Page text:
An Australian nurse’s journey through natural disasters, extreme poverty, civil wars and general chaos
“In 2015, Amanda McClelland was awarded the Florence Nightingale Medal, in recognition of an extraordinary career dedicated to making a difference. As a nurse and a humanitarian aid worker she has battled against extreme poverty, disease epidemics and natural disasters, helping to rebuild broken lives and strengthen communities across the globe.”
I expected something more like Aussie Midwives or Island Nurses with more individual nursing stories. What I got though was a discussion of humanitarian aid and her movements from plain nursing through to team management and recommendations. Everything is underlined by her compassion and practicality as well.
Ew! Some of these stories are likely to horrify a weak-stomached reader. I couldn’t stop thinking about her just casually slicing out a pus filled ulcer on her chest! Others are just horrifyingly sad – mothers who lose their lives and also their babies, or babies that can’t possibly survive. She’s not a midwife, but looking after children and improving mortality rates ends up being a huge part of her job.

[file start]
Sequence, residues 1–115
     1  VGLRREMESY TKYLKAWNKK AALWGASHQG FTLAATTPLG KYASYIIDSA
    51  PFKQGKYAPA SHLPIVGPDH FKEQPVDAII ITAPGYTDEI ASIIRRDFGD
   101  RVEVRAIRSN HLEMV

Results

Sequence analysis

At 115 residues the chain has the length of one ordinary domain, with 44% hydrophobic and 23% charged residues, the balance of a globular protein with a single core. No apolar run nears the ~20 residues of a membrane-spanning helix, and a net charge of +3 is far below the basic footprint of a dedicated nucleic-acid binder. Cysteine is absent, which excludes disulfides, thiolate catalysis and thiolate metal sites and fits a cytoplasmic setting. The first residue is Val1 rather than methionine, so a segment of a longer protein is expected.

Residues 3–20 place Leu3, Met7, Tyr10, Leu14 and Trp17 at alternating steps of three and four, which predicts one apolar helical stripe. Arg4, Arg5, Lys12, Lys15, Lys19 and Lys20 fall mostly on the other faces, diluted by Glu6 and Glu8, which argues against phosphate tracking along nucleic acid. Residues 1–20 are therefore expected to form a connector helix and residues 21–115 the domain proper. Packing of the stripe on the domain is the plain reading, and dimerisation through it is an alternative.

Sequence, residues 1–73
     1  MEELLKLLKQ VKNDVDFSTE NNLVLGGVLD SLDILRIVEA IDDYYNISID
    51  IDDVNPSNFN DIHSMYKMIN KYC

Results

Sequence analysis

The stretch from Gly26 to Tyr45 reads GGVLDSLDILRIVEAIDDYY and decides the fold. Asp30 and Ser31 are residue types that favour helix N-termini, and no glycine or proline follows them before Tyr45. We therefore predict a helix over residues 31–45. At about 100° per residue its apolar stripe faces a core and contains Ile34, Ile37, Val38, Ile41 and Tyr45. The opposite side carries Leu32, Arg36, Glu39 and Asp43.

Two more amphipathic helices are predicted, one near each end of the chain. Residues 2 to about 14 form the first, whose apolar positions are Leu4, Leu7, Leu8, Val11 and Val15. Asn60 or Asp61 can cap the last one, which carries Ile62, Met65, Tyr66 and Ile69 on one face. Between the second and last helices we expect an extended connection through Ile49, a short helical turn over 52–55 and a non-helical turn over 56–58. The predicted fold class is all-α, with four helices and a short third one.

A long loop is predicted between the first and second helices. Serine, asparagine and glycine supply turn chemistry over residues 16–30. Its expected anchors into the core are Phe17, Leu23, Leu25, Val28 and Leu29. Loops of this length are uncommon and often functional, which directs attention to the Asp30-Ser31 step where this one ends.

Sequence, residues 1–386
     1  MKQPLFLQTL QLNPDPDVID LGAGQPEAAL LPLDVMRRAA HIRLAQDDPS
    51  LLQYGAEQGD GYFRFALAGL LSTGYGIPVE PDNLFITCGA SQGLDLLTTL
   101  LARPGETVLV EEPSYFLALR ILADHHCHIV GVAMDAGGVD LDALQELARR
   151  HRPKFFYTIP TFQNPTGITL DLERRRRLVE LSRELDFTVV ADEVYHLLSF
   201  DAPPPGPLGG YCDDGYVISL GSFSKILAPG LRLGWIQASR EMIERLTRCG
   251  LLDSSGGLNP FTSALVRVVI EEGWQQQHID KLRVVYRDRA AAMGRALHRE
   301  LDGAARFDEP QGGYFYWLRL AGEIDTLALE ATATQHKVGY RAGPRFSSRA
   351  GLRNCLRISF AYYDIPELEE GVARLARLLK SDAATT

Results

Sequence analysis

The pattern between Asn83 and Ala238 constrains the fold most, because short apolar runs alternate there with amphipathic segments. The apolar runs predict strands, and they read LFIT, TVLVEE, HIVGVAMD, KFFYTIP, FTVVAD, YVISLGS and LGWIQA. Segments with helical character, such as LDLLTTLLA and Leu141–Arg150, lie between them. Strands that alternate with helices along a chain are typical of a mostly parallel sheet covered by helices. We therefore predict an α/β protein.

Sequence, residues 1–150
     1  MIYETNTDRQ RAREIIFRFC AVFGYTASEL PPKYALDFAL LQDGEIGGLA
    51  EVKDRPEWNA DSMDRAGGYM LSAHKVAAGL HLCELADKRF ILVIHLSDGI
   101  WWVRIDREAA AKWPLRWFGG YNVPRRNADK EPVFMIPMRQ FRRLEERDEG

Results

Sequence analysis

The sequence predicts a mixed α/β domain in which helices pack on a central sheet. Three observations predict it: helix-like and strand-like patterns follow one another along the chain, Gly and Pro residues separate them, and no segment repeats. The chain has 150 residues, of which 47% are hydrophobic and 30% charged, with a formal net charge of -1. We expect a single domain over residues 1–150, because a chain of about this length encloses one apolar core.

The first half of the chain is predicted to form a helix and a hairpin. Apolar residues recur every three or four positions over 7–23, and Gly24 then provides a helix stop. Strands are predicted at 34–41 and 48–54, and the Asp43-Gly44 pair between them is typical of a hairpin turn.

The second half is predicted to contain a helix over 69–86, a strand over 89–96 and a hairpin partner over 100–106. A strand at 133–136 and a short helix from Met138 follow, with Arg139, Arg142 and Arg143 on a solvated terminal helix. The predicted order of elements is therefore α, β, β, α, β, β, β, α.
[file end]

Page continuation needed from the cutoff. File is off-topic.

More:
In a way, this book reminds me of How (not) to Start an Orphanage – it has both what should and shouldn’t be done, and talks about the hardships on essentially white people living in third world countries. Sometimes the interventions create more problems than they solve. Amanda really illuminates how the best of intentions can lead to problems if they aren’t carried out with the community’s support and full understanding.
What upsets me in general (not about this book at all) is how sometimes things at home should have been fixed before we go elsewhere to aid others. Amanda works in an indigenous community that is filled with drug and alcohol fueled violence and horrible living conditions in places. Maybe we should try to work out how we can help our own people first?